Natural elements: Phyllis Koch-Sheras taps into the unconscious

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Phyllis Koch-Sheras’ watercolors often feature the sun’s cycle and bright colorful landscapes such as “Tiptoe Through Tulips.” Photo courtesy of the artist. Phyllis Koch-Sheras’ watercolors often feature the sun’s cycle and bright colorful landscapes such as “Tiptoe Through Tulips.” Photo courtesy of the artist.

One of my paintings is on the cover of American Psychologist this month, and it shows a man looking out over a field and into the mountains. My feeling was he is in harmony with nature, and if you can just be with him, you can feel that same peace and bliss from the painting,” said painter, singer, writer and clinical psychologist Phyllis Koch-Sheras. “Art is like a Rorschach that way.”

Koch-Sheras, who grew up in Chicago, has been making art in Charlottesville since she moved here in 1974. After years working primarily with acrylics, she switched to watercolor after enrolling her children in watercolor lessons with Lee Alter and signing up for classes herself. During one of Alter’s student exhibitions at The Omni hotel, The Daily Progress published a glowing review of her work “Peacock in Paradise.”

“That’s when I thought, ‘Hey, I can keep doing this,’” Koch-Sheras said. “I took lessons with Jeannine Regan at McGuffey Art Center and just started churning out the paintings. She encouraged me to frame and exhibit them, and one thing led to another. I was an associate member of BozART [Gallery] before it closed and would exhibit there as well.”

Today, her paintings can be found all around Charlottesville, including the current works on display at Arden Place and The Women’s Initiative.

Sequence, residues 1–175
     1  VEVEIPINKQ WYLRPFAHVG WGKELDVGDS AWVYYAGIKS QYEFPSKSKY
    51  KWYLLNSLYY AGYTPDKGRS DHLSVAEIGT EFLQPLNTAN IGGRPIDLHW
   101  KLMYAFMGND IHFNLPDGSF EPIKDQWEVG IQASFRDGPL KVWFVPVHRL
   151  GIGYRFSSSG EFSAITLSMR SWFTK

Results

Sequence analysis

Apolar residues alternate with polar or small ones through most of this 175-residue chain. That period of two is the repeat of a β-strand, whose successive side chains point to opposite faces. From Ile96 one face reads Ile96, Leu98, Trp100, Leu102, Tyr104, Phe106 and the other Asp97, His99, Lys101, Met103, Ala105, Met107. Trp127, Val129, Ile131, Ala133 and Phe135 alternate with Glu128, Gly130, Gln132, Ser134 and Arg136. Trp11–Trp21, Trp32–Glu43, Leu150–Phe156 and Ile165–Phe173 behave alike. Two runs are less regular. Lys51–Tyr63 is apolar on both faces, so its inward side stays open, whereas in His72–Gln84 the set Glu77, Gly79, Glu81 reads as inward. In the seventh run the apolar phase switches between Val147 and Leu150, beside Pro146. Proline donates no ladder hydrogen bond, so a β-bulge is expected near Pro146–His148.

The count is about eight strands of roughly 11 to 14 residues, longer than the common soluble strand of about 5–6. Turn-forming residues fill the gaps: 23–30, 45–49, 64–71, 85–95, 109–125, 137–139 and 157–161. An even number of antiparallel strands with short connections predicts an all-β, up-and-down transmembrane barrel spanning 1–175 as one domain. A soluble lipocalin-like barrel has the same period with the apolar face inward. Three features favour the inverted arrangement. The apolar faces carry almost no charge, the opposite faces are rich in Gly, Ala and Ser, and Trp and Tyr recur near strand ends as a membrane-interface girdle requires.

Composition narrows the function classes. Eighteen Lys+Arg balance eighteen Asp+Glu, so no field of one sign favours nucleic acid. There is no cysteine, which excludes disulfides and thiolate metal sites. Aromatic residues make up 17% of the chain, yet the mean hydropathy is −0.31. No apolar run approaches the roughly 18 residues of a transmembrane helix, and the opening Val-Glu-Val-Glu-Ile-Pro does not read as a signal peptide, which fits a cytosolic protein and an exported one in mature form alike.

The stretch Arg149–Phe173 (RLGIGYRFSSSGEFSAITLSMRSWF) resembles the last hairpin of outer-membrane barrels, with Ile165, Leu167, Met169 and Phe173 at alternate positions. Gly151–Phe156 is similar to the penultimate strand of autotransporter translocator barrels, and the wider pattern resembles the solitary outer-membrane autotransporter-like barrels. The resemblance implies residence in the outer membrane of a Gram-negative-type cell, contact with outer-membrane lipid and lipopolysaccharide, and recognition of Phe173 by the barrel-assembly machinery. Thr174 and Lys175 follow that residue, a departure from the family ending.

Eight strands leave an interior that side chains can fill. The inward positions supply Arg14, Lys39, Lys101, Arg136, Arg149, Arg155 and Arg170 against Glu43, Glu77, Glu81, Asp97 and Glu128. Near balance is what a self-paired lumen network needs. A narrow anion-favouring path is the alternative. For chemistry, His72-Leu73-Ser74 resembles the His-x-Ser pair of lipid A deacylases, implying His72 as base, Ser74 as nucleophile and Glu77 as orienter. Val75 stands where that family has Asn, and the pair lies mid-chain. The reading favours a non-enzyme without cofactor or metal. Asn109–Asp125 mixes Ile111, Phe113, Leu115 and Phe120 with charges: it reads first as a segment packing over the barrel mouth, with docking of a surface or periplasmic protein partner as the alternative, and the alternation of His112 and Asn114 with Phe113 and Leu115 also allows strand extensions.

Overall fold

Koch-Sheras’ many creative talents surfaced when she was just a child. “My mother was an opera singer, and she wanted me to concentrate more on the singing. I was blessed with perfect pitch and a voice that was pleasant, and she wanted me to be performing and outgoing, so she stopped the painting lessons and started me in opera lessons. I was singing with the Lyric Opera of Chicago when I was 9 years old.”

At the University of Michigan, Koch-Sheras focused on music and English, receiving a masters in creative writing. “I didn’t pick up my paints again until I got my graduate degree in psychology [from the University of Texas],” she said. “Especially while I was working on my dissertation, which is a pretty anxiety-producing process, I found painting to be a wonderful outlet.”

After living for a few years in Palo Alto, California, she and her now-husband, another psychologist with whom she has authored several books, moved to Charlottesville for jobs at UVA. Her clinical work inspires her art (and vice versa). “Water is in a lot of my paintings. I do a lot of dream interpretation and dream work, and I’ve also painted things from my dreams, which allows me to really connect with that part of my unconscious.”

She said she prefers a Jungian approach to the analysis of her artwork as well as her dreams. “When I work with people, I have them go into whatever they associate with that [subject in a dream] and recognize what that part of them is all about. The associations I have with certain elements are just like my associations with paintings—they don’t necessarily have to mean one thing.”

The majority of her watercolors feature nature and landscapes, and she’s drawn to the beauty of sunrises and sunsets. “There’s such a wonderful energy in these beginnings and endings,” she said. “The sunset especially is a kind of emotional process, a completion of one phase of the day, letting go and moving into the next phase.”

In her 25-year practice of Bon Buddhism, Koch-Sheras said she’s discovered that “the process of non-attachment and the connection of light of day is really what life is all about.” And, she added, “There’s something healing in being able [to use art] to be a part of that process.”

See Phyllis Koch-Sheras’ paintings at the Arden Place Clubhouse through December 31.